Spending so much time on their own can also create separation anxiety. As puppies grow, they become more independent and their tolerance for separation increases. Dogs who have suffered abandonment, have been separated from their mother before 8 weeks or have suffered abuse, however, often have a harder time managing or tolerating the separation from their owners.
2. Lack of exercise and activity
A dog’s need for exercise can depend on their age, breed, size, and health status. Nevertheless, physical activity is crucial to avoid putting on too much weight and lacking endurance, which can lead to obesity. It can also prevent them from becoming withdrawn, bored or frustrated and thus releasing pent-up energy in undesirable ways, such as destructive behavior, showing signs of hyperactivity at home, jumping and running everywhere.
Fun matches are dog sport competitions held in a more relaxed environment. A fun match is the best way to evaluate a dog’s behavior and socialization skills, specially in the presence of other dogs. These events are perfect opportunities for dogs and dog parents to foster social interaction, exchange tips about dog care, training, and make friends. Dog Sports For Making New Friends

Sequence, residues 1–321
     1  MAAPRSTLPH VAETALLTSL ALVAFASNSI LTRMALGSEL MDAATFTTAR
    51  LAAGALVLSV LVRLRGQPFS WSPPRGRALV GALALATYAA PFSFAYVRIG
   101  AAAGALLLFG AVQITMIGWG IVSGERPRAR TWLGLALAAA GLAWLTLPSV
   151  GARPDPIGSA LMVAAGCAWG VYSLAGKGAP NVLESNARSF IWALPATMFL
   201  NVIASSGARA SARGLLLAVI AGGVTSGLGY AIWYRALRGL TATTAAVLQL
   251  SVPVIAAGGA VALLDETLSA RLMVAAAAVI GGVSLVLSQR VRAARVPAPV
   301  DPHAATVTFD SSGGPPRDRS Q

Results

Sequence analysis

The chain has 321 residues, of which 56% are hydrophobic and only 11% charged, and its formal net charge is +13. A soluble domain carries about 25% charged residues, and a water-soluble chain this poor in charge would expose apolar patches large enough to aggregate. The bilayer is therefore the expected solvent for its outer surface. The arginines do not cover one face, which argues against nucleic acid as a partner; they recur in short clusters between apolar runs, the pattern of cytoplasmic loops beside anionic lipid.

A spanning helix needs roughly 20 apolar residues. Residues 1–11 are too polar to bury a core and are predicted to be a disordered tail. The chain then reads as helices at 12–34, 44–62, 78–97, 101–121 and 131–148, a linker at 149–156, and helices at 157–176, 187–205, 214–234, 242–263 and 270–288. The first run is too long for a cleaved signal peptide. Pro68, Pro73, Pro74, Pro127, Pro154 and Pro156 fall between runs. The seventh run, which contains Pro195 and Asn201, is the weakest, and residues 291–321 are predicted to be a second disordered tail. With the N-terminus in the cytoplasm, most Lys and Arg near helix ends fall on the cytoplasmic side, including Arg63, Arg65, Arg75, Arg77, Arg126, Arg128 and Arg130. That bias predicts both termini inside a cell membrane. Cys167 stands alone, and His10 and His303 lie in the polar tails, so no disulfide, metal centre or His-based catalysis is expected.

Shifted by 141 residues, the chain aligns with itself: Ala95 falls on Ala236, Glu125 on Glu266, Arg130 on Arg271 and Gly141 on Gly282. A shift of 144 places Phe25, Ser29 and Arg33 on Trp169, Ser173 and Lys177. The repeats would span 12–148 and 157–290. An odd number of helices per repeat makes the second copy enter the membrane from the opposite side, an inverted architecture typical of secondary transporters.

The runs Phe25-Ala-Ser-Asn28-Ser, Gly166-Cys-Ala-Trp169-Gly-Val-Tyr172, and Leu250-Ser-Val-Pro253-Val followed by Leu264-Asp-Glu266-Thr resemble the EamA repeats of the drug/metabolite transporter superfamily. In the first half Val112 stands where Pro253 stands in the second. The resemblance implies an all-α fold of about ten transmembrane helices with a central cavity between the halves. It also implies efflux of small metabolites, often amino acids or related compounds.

3. Fear of noise
Many dogs have a fear of strong and loud noises, such as fireworks, traffic noises, thunderstorms, the sound of the vacuum cleaner, etc. Although it can be caused by a dangerous or scary event that happened in the past, a dog’s phobia to loud noises can occur even when the animal has not suffered a traumatic situation associated with that loud sound.
Dogs with fear of noise are able to relate other events that will anticipate the noise that is to come, for example, the vacuum cleaner, a television, a group of people in the street, etc., causing them to remain constantly tense, vigilant and alert.
The most frequent dangers associated with the fear of noise in these animals is destructive behavior, such as breaking house furniture, clothes and everything they can find, especially when he is alone, out of fear. In the worst cases, trying to hide or escape the situation to reduce their anxiety can result in a dog running away from home and getting lost.
4. Cognitive dysfunction